Gary paints a picture of a church traditionally less interested in enforcing doctrinal homogeneity than in ministering to those in need. He personally favors the ordination of gay clergy, but the article focuses a level up from that: How can a church handle disagreement and difference? And he explicitly applies those lessons beyond the church to the country and the world.

It made me think of AKMA’s idea of differential hermeneutics, a theory of interpretation (which is to say, of understanding) that assumes we’re never going to agree. He opposes this to what he calls “integral hermeneutics,” which aims at resolving issues, and thus showing that one person’s interpretation is right and another’s is wrong. And, yes, AKMA is fully aware of the issues that arise from his position. (I blogged about this here.)

I am convinced that Gary and AKMA are raising exactly the right questions, and are answering them the only way that lets us live together in peace, which is not to say in harmony or quietude. And I find what they say based upon their similar religious convictions to be quite in line with what I understand the Jewish attitude toward interpretation to be: The arguing continues all the way into the next life. If you’re so lucky. [Tags: ]

Simple sabotage

At the Enterprise 2.0 conference (which I didn’t attend), Don Burke and Sean Dennehey from the CIA gave a talk on Intellipedia, the CIA’s internal wikipedia. As part of their talk, they cited a manual, including, I think, this:

(1) Insist on doing everything through “channels.” Never permit short-cuts to be taken in order to expedite decisions.
(2) Make “speeches.” Talk as frequently as possible and at great length. Illustrate your “points” by long anecdotes and accounts of per­ sonal experiences. Never hesitate to make a few appropriate “patriotic” comments.
(3) When possible, refer all matters to committees, for “further study and considera­tion.” Attempt to make the committees as large as possible — never less than five.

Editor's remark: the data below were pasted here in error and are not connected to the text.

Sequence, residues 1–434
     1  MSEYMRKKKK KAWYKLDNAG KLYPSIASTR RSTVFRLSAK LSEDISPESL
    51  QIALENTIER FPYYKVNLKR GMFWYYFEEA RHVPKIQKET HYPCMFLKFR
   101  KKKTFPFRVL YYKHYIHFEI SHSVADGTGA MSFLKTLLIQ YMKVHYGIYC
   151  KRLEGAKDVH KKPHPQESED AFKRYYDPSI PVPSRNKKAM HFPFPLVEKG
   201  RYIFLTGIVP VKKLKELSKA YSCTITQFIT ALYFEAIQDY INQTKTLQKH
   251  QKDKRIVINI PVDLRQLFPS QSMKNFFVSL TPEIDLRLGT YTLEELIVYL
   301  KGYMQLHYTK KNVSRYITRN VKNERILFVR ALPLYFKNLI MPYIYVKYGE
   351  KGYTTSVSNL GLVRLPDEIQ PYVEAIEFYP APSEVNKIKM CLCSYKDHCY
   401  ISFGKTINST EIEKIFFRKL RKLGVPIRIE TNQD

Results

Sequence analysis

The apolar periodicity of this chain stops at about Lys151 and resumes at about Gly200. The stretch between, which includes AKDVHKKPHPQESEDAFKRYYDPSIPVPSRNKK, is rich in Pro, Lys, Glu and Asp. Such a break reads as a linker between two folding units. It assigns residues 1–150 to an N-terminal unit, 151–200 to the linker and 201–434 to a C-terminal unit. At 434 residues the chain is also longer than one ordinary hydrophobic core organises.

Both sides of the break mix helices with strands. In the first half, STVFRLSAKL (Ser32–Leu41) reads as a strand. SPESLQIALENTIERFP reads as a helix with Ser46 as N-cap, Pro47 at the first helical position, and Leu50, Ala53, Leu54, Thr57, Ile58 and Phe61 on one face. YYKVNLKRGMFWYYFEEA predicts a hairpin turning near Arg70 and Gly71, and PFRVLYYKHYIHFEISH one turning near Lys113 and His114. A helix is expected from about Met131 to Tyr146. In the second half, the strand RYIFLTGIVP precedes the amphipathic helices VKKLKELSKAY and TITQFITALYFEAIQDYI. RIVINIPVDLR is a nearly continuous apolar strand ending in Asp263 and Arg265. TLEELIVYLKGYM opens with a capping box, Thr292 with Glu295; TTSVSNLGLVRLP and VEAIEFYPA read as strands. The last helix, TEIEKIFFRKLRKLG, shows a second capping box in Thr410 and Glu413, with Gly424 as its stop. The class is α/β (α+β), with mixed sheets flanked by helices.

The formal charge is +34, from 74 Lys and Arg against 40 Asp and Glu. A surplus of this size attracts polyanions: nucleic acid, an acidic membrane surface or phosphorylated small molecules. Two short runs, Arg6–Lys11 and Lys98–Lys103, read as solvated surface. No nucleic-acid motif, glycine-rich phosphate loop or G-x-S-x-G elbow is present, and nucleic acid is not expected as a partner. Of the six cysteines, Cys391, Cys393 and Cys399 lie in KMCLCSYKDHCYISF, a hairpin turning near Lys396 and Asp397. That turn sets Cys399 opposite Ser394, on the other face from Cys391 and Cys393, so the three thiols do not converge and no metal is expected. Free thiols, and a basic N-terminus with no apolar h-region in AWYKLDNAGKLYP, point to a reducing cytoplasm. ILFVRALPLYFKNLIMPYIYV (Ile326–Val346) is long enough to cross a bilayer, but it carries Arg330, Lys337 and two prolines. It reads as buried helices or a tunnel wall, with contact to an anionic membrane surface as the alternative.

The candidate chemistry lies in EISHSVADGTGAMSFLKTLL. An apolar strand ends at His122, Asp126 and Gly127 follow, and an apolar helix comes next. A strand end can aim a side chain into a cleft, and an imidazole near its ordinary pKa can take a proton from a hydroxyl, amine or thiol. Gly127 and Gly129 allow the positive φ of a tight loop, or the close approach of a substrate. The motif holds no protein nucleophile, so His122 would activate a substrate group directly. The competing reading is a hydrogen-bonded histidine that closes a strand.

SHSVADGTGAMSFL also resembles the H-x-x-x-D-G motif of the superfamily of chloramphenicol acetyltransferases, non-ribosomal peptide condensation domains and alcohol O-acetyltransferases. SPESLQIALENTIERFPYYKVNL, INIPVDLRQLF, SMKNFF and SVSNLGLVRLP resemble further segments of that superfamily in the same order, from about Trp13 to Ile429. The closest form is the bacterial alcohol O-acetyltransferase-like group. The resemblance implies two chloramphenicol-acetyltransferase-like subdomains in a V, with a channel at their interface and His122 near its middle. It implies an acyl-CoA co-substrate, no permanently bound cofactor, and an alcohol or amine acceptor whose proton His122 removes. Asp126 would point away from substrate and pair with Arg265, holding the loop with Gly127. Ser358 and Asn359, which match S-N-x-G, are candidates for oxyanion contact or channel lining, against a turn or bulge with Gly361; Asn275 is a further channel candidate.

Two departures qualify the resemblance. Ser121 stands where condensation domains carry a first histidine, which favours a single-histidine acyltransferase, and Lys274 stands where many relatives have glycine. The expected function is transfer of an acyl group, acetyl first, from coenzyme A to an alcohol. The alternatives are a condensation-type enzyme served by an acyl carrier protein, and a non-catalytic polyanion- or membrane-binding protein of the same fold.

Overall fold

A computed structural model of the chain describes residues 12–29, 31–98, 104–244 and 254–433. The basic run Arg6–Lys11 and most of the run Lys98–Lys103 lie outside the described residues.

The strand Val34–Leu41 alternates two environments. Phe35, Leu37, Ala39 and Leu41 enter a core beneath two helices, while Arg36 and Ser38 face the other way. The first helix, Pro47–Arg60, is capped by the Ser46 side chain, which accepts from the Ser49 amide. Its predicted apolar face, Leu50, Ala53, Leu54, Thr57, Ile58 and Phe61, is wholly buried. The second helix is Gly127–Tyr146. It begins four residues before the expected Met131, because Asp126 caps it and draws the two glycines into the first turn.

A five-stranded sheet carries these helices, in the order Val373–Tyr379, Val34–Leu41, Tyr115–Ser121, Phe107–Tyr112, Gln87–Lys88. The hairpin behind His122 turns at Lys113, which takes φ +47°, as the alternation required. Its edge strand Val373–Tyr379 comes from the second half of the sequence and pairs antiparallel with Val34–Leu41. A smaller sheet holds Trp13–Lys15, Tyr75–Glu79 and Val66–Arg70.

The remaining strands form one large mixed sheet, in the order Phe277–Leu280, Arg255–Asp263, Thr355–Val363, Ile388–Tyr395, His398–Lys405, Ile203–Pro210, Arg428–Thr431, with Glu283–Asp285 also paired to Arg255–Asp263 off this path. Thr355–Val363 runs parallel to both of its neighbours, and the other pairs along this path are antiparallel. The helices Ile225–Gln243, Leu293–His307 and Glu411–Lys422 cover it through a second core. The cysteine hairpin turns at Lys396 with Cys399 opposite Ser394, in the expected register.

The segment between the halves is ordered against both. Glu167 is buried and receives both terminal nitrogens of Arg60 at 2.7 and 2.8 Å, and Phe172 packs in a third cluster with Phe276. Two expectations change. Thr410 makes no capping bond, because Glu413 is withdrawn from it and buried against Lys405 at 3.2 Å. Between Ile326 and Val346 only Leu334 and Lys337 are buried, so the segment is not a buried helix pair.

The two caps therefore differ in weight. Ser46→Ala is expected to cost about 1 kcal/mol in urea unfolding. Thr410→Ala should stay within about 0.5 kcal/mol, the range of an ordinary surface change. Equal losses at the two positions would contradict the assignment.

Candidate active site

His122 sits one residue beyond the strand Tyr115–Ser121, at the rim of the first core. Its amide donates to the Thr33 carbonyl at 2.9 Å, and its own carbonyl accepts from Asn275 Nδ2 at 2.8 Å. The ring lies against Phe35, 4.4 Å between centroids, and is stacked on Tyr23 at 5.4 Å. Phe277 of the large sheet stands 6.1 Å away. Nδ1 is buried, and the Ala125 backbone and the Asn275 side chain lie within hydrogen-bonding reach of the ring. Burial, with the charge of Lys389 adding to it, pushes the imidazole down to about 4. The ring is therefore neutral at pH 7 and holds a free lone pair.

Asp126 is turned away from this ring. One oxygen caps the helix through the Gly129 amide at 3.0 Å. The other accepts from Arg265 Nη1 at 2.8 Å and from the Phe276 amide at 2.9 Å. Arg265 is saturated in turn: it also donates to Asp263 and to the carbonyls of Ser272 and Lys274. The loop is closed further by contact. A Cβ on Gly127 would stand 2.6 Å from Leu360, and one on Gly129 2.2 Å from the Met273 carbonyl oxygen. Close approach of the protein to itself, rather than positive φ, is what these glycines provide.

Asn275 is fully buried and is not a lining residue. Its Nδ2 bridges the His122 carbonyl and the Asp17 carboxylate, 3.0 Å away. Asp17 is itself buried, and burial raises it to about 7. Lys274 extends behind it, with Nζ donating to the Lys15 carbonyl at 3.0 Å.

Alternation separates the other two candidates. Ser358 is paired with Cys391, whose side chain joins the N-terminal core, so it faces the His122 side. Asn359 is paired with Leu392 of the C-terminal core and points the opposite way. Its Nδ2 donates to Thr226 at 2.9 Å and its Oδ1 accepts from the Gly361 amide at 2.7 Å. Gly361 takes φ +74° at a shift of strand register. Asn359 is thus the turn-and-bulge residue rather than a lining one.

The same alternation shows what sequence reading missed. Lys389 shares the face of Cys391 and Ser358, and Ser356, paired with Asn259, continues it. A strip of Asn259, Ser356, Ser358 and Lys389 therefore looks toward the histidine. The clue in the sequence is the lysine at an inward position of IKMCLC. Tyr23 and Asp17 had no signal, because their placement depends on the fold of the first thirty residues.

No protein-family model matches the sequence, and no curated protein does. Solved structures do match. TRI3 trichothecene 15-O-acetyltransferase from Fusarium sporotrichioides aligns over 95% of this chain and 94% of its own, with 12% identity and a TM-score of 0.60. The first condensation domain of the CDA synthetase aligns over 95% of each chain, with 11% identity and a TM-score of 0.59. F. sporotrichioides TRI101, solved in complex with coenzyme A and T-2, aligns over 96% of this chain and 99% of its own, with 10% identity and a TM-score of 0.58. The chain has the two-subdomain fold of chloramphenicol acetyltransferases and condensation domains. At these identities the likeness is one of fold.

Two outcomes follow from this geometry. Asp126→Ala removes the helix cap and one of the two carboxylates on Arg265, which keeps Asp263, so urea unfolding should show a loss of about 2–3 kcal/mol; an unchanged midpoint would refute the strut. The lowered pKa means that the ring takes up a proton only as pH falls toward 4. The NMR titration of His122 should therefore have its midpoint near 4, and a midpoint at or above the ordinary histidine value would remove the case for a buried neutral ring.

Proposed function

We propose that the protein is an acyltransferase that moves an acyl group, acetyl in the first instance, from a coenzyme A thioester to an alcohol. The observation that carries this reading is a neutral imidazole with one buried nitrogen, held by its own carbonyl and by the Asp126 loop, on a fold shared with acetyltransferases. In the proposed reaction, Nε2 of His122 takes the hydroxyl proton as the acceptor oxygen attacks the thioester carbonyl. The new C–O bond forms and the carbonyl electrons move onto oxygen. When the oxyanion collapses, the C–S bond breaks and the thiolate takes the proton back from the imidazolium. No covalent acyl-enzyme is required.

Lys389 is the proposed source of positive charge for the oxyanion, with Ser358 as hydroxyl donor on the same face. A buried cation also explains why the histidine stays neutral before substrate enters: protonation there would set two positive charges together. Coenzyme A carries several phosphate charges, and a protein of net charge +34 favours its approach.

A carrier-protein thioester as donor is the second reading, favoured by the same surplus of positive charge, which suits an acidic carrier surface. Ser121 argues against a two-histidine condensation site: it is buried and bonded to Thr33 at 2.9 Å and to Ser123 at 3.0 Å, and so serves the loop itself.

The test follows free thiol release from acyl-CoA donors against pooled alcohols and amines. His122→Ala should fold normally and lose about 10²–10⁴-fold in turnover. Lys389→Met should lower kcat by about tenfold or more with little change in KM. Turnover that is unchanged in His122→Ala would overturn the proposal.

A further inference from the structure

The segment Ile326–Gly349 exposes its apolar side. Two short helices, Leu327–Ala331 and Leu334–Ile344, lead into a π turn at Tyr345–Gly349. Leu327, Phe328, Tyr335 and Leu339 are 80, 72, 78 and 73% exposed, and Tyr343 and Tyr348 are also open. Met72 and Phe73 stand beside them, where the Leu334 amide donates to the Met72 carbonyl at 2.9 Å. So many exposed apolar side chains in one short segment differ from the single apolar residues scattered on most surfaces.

(4) Bring up irrelevant issues as frequently as possible.
(5) Haggle over precise wordings of com­munications, minutes, resolutions.
(6) Refer back to matters decided upon at the last meeting and attempt to re-open the question of the advisability of that decision.
(7) Advocate “caution.” Be “reasonable” and urge your fellow-conferees to be “reason­able” and avoid haste which might result in embarrassments or difficulties later on.
(8) Be worried about the propriety of any decision — raise the question of whether such action as is contemplated lies within the juris­ diction of the group or whether it might conflict with the policy of some higher echelon.

Their point was that these instructions come from a 1944 manual on how to sabotage a business.

The session’s Web page points to the entire, amazing, declassified manual of simple sabotage. [Tags: ]

Britannica tweaks the wiki

Britannica has announced that it’s going to enable some measure of reader participation in the extending of the online version of their encyclopedia. You can see the beta of the new site here.

The detailed overview of the planned site says:

two things we believe distinguish this effort from other projects of online collaboration are (1) the active involvement of the expert contributors with whom we already have relationships; and (2) the fact that all contributions to Encyclopaedia Britannica’s core content will continue to be checked and vetted by our expert editorial staff before they’re published.

Excellent! We needs lots of variations on the theme of collaboration. Editing adds value, as does expertise. They slow things down and reduce the ability to scale, but Wikipedia’s process makes it possible to read an article that’s been altered, if only for a minutes, by some devilish hand. It all depends on what you’re trying to do, and collectively we’re trying to do everything. So, this is good news from Britannica. It’ll be fascinating to watch.

To pick a nit, I’m not as convinced by Britannica’s insistence on objectivity as a value, however. The blog post says “we believe that the creation and documentation of knowledge is a collaborative process but not a democratic one.” It lists three positive consequences of this. The third is “objectivity, and it requires experts.” In a reference that makes you wish they’d at least once use the word “Wikipedia,” the post continues: “In contrast to our approach, democratic systems settle for something bland and less informative, what is sometimes termed a ‘neutral point of view.’” I think it would be reasonable for Britannica to tell us that an expert-based, edited system is likely to yield more articles that are more comprehensive, more uniform in quality, more accurate and more reliable. But haven’t we gotten past thinking that expertise yields objectivity?

Anyway, I think it’s amazing that the Britannica, in its 240th year, is taking this step. Britannica will be better for it, and so will we. [Tags: ]